Kvetch, kvetch, kvetch!
That's what we all do at one time or another, and that's what has rebounded on British playwright Steven Berkoff's "Kvetch," a comedy about one's bilious subconscious pouring out. It opened at the Odyssey Theatre, an Equity Waiver house, in March.
In the meantime, independent producer Hilliard (Hilly) Elkins announced on May 5 that "Kvetch" would move to the Westwood Playhouse, a contract house, in mid-May. On May 6, he conceded that he hadn't come to terms with the Odyssey. In the week since, the fate of "Kvetch" has been very much up in the air.
"I don't want to talk about this in the media, because it looks as though in the next couple of days we'll come to terms," said Ron Sossi, the Odyssey's artistic director. "Everyone wants to move the show. But he (Elkins) had no authorization to represent the show.
"He has a friendship with Berkoff, and we acceded to that. But there was no contract with the actors, no plan with Equity. We've been offered billing for subsequent production, yes, and a passive financial interest. Our main concern is Los Angeles and how it would be produced here. We didn't necessarily think the Westwood was the best place to move it to."
(Sossi also believes that "Kvetch" might have been the ideal show with which to realize the Odyssey's own bid for conversion of its main theater to a full Equity space.)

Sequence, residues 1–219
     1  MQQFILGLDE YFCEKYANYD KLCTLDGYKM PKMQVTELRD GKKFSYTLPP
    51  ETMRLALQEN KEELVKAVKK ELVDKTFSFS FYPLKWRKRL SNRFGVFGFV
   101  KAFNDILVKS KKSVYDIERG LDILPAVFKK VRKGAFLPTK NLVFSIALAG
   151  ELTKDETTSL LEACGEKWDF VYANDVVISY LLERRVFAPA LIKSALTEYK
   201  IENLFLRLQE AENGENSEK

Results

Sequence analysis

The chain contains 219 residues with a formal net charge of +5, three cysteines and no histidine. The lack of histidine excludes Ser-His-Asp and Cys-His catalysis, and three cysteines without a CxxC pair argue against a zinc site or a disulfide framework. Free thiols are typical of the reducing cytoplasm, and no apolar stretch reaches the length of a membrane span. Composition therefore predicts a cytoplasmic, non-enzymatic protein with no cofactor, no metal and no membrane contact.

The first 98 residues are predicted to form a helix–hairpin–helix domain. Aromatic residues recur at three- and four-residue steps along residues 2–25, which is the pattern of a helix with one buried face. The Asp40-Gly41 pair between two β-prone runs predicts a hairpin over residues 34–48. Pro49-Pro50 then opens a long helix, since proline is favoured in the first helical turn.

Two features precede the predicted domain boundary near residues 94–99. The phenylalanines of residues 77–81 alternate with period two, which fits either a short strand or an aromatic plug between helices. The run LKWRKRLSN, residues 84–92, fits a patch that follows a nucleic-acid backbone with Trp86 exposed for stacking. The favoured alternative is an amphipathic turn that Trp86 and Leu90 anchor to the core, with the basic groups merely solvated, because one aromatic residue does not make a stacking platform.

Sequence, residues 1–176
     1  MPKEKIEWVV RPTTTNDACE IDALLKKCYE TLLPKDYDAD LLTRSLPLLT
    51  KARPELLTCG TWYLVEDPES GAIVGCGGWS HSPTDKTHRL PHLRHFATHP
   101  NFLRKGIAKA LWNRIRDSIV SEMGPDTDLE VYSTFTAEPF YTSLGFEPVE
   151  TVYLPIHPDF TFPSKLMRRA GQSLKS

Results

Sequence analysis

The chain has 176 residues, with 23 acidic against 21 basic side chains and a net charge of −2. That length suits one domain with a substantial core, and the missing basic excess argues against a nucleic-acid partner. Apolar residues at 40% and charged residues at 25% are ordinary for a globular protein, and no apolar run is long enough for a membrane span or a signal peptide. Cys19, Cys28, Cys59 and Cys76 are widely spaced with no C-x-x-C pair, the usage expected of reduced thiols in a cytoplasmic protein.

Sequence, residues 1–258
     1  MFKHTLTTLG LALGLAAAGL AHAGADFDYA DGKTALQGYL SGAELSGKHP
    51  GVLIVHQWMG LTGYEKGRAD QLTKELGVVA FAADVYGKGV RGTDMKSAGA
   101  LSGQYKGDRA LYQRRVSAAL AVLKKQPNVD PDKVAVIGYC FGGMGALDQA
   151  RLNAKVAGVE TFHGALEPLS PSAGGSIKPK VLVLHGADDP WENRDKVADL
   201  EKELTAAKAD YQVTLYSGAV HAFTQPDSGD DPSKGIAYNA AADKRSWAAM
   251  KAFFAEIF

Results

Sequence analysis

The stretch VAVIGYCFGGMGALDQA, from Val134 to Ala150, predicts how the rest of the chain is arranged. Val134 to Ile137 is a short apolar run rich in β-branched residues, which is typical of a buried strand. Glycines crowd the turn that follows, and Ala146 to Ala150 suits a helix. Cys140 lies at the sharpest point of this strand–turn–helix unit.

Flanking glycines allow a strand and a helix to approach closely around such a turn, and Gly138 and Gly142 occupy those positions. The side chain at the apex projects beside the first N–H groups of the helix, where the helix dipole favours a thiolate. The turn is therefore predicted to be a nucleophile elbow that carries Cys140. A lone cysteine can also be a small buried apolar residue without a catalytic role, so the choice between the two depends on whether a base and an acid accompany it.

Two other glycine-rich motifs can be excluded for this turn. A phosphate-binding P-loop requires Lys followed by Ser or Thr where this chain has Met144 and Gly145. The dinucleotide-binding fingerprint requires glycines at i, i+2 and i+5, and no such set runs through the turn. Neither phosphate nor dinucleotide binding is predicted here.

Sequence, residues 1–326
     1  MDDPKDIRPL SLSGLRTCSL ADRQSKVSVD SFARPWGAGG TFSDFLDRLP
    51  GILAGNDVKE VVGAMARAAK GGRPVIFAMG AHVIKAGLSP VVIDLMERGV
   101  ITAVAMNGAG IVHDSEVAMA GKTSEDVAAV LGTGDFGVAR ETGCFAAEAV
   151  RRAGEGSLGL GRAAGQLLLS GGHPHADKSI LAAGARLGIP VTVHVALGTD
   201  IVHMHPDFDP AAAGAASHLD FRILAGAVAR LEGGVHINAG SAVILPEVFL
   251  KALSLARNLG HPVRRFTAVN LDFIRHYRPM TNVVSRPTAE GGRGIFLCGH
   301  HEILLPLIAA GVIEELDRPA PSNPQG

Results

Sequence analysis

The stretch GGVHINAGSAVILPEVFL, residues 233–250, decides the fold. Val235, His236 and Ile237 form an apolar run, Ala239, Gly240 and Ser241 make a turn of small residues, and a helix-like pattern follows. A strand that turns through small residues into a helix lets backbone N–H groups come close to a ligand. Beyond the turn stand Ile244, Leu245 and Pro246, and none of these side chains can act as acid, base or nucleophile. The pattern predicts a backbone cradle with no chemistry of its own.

"We made a generous offer regarding gross and net," Elkins said, "and billing for future productions. Berkoff owns the rights to future production, not the Odyssey. All I'm trying to do is make a deal that'll protect everybody."
Neither Sossi nor Elkins would disclose the exact terms of that deal, and Berkoff, who is in London, could not be reached for comment.
As of Tuesday, Berkoff's U.S. agent, Elizabeth Marton, claimed to know nothing conclusive about "Kvetch's" fate. "There is no existing contract with the Odyssey Theatre," she said. "There's no question of releasing a play if you don't have rights."
On the other hand, she said, "Hilliard was premature in his announcement. We hope we can move it, and there's talk of engaging the Odyssey. Several parties are interested in this play. We're in negotiations now. Nothing has been resolved.
"Whatever happens, I'll have to confer with Steven before we can come up with an answer."
John Astin, Shaun Cassidy, Joyce Van Patten, Kyle Secor and Andrea Walters will appear in the Pasadena Playhouse production of Ketti Frings' "Look Homeward, Angel," to open June 7.
(Previews are June 5 and 6).
This play, based on the novel by Thomas Wolfe, is the second production to move into the freshly renovated main stage of the Pasadena landmark.
Others in the large cast are Lucy Butler, Scotch Byerley, David Dunard, John Fields, Redmond Gleeson, Dennis Haskins, Leonard Herrman, Brandis Kemp, Tony Maggio, Dale Raoul, Miriam Reed, Verna Rose Smith, Lauren Tuerk and Grace Zabriskie.
Playhouse artistic director Jessica Myerson will direct.